Cricket and evil
A Sermon preached by the Rev. Nils Chittenden
Sunday, July 9th, 2017
A couple of months ago, I told the story from when I was being hired as Chaplain at Duke University, North Carolina. When I was in the search process and at my final interview, I was asked that dreaded question, “so, what’s your favorite sport?” Not only is this a minefield for me personally, since I am just about the least sport-literate person I know, but in the sporting context of North Carolina college athletics, I did know enough to know that I had to tread carefully with my answer. “So, what’s your favorite sport?” All eyes on me, awaiting the crucial answer.
“Cricket.” I said. “The only sport where it’s in the rules that you have to break for afternoon tea. What’s not to like?”
When I eventually arrived at the Episcopal Center at Duke, after waiting eighteen months for my work visa, I discovered that the building I had inherited was in need of substantial renovation and, since I knew how to do renovations, we decided to start with the kitchen, me and some volunteers. Of these, Jim from St Luke’s in Durham was my most ardent of volunteers. Lunchtimes we’d dine in style at Subway and, on one occasion, he asked me to explain the rules of cricket. Now, it would be easier to explain the rules of thermodynamics. But, anyway, I had a go. I think he may have been even less clear after I’d finished than when I started.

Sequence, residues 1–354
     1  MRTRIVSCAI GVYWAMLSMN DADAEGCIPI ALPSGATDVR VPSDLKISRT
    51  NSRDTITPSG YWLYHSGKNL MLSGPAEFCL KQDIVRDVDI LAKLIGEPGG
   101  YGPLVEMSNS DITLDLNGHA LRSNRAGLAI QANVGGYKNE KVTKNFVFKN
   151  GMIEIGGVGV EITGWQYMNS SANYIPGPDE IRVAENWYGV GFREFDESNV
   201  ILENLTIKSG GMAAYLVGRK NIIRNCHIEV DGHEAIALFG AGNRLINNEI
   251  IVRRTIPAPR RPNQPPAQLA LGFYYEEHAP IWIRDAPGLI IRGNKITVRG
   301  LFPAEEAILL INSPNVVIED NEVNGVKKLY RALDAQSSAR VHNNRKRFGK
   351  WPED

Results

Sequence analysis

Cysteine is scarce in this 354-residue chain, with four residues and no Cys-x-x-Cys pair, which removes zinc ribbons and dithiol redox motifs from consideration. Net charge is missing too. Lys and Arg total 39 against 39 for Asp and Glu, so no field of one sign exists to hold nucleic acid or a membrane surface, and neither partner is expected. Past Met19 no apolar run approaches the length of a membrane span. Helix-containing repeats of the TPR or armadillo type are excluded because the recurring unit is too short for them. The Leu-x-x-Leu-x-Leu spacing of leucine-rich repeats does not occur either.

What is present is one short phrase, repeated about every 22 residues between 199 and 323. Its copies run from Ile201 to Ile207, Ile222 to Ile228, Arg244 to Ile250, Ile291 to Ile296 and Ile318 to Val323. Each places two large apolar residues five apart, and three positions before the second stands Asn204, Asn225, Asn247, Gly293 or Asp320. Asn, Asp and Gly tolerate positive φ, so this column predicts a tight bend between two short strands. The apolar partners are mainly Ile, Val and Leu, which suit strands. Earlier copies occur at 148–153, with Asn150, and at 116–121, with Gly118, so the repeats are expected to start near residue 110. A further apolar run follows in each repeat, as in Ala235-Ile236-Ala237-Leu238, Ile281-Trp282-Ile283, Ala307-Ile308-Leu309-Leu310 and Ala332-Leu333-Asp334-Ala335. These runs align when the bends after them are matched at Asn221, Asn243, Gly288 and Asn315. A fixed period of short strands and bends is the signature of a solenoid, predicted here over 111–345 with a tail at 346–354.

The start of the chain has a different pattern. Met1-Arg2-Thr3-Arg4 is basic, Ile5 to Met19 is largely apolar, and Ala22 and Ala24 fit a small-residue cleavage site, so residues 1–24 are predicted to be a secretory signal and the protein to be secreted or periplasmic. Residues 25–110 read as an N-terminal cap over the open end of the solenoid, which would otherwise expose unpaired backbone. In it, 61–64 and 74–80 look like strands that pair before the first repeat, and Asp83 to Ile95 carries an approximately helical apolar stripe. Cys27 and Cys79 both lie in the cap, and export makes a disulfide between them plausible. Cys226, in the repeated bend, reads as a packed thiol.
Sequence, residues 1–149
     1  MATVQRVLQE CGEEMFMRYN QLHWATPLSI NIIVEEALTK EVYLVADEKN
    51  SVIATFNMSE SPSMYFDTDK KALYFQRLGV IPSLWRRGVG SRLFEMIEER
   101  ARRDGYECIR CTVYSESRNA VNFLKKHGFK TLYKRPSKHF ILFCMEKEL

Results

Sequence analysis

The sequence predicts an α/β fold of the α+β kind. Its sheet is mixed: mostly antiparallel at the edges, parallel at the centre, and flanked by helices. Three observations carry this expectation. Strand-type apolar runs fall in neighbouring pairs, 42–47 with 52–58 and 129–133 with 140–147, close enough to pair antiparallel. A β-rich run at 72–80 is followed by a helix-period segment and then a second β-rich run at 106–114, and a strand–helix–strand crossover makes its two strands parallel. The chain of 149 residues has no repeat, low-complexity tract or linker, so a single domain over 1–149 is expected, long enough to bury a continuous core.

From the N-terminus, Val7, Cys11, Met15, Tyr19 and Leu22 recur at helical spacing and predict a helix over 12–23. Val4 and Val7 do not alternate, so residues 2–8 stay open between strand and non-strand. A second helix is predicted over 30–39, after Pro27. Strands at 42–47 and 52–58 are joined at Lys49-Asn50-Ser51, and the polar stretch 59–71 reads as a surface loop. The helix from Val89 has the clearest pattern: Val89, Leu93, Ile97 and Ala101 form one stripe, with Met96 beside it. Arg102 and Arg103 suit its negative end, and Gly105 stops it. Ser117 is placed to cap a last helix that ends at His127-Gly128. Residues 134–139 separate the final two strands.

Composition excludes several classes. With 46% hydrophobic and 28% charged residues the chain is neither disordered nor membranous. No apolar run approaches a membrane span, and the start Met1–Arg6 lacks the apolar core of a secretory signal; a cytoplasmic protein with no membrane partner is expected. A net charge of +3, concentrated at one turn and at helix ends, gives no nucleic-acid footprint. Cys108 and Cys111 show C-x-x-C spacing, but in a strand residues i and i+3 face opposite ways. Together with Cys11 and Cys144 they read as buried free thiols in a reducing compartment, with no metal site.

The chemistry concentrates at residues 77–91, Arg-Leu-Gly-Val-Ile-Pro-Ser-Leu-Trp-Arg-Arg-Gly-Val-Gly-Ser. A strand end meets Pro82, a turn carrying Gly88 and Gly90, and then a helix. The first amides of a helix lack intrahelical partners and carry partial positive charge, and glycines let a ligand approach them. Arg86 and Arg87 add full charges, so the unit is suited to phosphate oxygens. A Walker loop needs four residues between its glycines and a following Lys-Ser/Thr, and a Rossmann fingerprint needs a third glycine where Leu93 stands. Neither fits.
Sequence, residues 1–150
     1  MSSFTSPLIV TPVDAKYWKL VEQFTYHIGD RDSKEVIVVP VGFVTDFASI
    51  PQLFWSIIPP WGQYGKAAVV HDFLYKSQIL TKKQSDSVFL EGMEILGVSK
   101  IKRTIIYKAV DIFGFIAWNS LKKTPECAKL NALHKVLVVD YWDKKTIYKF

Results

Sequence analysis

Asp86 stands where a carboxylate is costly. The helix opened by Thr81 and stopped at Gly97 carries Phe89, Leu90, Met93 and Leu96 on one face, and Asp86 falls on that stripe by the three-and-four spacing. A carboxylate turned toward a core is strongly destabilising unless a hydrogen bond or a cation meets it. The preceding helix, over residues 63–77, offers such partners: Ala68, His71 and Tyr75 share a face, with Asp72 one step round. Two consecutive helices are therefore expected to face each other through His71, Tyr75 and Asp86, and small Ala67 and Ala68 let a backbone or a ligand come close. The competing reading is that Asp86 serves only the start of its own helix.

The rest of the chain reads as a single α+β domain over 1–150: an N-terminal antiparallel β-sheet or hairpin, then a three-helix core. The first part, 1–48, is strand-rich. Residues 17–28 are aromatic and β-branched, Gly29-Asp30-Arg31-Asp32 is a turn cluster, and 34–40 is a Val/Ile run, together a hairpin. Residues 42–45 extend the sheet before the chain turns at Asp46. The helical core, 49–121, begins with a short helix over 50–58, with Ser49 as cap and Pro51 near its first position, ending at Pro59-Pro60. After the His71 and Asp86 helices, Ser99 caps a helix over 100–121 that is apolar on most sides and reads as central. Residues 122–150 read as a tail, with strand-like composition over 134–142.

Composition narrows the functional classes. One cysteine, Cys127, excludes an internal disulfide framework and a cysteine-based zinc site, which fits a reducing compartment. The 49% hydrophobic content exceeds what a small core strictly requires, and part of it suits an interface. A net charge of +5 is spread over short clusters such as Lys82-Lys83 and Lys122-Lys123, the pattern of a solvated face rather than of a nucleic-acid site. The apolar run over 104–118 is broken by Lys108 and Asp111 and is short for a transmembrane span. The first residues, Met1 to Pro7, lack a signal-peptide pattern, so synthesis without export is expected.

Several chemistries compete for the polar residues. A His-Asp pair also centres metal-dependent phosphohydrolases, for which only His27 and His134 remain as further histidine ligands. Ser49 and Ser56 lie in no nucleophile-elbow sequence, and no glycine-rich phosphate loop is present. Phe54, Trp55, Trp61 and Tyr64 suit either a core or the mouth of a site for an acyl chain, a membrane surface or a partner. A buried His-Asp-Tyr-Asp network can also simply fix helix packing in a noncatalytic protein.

So, for the record, here are the rules of cricket, as set out for a foreign audience.
You have two sides, one out in the field and one in. Each man that's in the side that's in goes out, and when he's out he comes in and the next man goes in until he's out. When they are all out, the side that's out comes in and the side that’s been in goes out and tries to get those coming in, out. Sometimes you get men still in and not out.
When a man goes out to go in, the men who are out try to get him out, and when he is out he goes in and the next man in goes out and goes in. There are two men called umpires who stay out all the time and they decide when the men who are in are out. When both sides have been in and all the men have been out, and both sides have been out twice after all the men have been in, including those who are not out, then that’s the end of the game!
So far, so interesting. But this is meant to be a sermon, and does any of this actually have anything to do with today’s readings?
I’d like to read you again part of Paul’s letter to the Romans:
I do not understand my own actions. For I do not do what I want, but I do the very thing I hate. Now if I do what I do not want, I agree that the law is good. But in fact it is no longer I that do it, but sin that dwells within me. For I know that nothing good dwells within me, that is, in my flesh. I can will what is right, but I cannot do it. For I do not do the good I want, but the evil I do not want is what I do. Now if I do what I do not want, it is no longer I that do it, but sin that dwells within me.
Perhaps it is just me that sees parallels between this and the rules of cricket for foreigners. I suspect not. Joking apart, what strikes me fairly forcefully about both of these confusing and ambiguous passages is that in order for them to make any sense at all, we need to be, as it were, the initiated. I totally understand that crazy cricket rules thing (and probably those others here this morning born and bred in England), because we have a prior, in-depth knowledge of cricket. It’s a bit like a cryptogram. You have to have the key in order for it to make sense. So, the rules of cricket thing makes perfect sense to me. Really.